We like to keep our eye on upcoming female entrepreneurs and were delighted to be tipped off about Cathrine Frederiksen and her business TomoLand, a bureau that works with trendspotting and development within the food industry.
How did you get the idea for Tomo?
I got the idea for Tomo after I lived in Berlin, Shanghai and Toronto and experienced a series of interesting food concepts. When I returned to Denmark, I realized how great a potential for development there is and how much inspiration we can get from other countries.
I’m passionate about new food related tendencies and concepts, plus I’m extreeeeemely passionate about creating change and making things happen. In Tomo, i have combined my interests and skills with a market I believe could need a makeover! We want to co-design tomorrows foodscapes.
Ever since I was a little girl I have been playing that I had my own business. I loved comtemplating how I could package and sell something to someone. Often it was nuts or flowers I had collected for free in the forest, other times it was rocks with little drawings on.
My dream of running a business has been preserved since then and when I graduated from the Kaospilots (a school for entrepreneurial and creative minds) I knew that now was the time to actually start that business of my own.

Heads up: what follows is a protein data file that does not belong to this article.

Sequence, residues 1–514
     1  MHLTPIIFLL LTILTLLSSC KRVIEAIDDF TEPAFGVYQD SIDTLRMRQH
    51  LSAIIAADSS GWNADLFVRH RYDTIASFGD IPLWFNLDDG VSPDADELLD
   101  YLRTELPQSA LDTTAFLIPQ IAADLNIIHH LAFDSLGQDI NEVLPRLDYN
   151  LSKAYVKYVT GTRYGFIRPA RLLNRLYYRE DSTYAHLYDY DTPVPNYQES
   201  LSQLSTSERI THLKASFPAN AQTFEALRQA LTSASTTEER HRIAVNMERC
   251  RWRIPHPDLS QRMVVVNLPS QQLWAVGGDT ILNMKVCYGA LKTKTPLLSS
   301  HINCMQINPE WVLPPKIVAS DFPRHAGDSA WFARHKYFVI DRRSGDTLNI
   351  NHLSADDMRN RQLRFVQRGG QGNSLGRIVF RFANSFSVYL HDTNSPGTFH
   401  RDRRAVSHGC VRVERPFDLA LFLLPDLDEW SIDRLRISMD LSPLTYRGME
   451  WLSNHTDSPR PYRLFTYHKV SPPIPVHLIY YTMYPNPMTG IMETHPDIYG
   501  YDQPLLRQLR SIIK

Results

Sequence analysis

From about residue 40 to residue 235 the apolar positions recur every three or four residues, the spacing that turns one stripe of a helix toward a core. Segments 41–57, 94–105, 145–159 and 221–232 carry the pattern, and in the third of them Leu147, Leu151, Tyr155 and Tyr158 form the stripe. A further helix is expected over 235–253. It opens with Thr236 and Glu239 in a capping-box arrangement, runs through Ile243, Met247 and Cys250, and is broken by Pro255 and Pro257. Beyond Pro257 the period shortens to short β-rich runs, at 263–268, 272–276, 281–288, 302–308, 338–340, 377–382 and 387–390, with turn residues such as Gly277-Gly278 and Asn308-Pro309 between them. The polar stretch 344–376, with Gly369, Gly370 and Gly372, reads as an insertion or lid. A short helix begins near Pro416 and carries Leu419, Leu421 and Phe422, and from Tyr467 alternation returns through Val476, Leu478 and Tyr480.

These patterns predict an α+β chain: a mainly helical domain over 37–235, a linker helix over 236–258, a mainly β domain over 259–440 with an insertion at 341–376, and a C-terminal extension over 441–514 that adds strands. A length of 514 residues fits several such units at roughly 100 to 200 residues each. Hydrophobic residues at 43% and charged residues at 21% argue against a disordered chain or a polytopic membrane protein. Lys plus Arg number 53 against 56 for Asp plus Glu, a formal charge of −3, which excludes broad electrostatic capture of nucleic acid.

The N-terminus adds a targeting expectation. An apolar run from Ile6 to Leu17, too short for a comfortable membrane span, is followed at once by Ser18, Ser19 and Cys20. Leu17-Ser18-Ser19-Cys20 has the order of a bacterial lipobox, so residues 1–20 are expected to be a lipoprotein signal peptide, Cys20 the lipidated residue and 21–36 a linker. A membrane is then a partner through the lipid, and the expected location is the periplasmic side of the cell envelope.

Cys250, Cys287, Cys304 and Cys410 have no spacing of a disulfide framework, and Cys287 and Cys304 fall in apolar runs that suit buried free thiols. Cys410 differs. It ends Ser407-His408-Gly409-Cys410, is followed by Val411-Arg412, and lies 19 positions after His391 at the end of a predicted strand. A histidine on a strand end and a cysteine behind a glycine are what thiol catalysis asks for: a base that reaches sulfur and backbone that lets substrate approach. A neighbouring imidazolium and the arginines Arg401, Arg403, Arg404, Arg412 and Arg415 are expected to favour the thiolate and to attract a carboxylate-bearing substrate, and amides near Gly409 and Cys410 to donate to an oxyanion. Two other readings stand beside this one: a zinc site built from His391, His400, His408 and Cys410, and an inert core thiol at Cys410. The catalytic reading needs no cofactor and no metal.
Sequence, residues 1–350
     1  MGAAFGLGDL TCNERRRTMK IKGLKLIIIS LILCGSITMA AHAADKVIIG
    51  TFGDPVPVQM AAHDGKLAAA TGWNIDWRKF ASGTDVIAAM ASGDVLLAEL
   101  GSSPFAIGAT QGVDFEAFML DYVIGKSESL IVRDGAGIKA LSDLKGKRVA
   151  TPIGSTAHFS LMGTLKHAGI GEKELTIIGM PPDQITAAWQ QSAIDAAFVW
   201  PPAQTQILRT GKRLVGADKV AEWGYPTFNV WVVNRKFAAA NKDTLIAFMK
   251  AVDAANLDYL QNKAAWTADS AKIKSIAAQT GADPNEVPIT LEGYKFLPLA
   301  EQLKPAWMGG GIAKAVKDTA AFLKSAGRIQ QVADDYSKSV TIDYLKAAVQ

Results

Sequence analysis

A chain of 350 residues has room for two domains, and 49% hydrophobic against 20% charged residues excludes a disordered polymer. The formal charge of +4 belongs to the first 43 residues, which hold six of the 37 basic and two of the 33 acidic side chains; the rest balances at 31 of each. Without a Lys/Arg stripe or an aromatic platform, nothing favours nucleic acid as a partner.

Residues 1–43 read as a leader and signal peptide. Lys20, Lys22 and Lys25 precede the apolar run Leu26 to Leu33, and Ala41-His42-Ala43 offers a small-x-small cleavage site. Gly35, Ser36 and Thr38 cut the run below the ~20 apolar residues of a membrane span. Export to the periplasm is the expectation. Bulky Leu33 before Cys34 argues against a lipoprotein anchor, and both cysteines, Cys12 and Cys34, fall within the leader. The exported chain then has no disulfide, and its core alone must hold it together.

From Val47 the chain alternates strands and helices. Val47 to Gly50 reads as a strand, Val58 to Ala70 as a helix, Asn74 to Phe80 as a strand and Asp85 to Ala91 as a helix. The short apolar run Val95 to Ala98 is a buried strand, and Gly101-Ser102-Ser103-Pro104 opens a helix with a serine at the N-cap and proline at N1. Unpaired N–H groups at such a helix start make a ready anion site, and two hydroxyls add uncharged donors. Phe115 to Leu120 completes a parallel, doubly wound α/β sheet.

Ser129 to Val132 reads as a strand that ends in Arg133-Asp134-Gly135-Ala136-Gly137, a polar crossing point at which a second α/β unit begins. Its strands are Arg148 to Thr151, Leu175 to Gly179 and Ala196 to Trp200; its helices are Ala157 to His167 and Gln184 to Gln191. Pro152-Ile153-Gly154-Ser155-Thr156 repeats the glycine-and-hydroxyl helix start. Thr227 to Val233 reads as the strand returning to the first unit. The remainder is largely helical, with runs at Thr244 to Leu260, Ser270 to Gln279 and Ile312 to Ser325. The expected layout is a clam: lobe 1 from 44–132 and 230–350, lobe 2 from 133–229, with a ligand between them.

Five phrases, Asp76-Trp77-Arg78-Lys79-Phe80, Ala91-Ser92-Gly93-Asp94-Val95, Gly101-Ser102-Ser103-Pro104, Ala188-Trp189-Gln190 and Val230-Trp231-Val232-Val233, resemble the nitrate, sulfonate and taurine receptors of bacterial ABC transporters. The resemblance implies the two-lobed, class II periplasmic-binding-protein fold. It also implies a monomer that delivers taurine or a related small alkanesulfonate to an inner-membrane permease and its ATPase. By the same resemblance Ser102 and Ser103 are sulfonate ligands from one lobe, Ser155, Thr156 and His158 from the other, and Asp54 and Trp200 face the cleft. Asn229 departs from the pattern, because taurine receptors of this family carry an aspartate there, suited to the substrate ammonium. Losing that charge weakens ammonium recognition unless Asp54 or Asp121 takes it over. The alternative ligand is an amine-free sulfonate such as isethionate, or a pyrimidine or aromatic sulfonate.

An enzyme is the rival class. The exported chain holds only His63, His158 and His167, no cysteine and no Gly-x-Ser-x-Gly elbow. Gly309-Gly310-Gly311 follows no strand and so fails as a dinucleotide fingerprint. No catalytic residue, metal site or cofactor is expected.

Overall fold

I am figuring that out as I go, but currently I am dreaming of building a new school full service food bureau, that can do user-insight, trendspotting, concept development, facilitation, communication, pop-up shops, food design and graphics and then hire a CEO, so I can focus on the parts I find particularly interesting and perhaps engage in other ventures.
Do you have a personal entrepreneurial creed? Are there any words/rules you live by?
Since I went to “entrepreneur-school” I have a whole catalogue filled with encouraging or helpfull one- liners that I dig up whenever needed.
But I do have one favorite that I especially follow: To focus on my sucesses rather than on my failures. I believe that if you focus too much on improving the things you suck at – and say you succeed with that – you will most likely only become average at it anyways. However, if you do more of what you do well, you have the possibility of becoming the best at it.
If I would hang on to all the mistakes I make, I wouldn’t be able to continue challenging myself, others, to run as fast as I do and create as much as I do.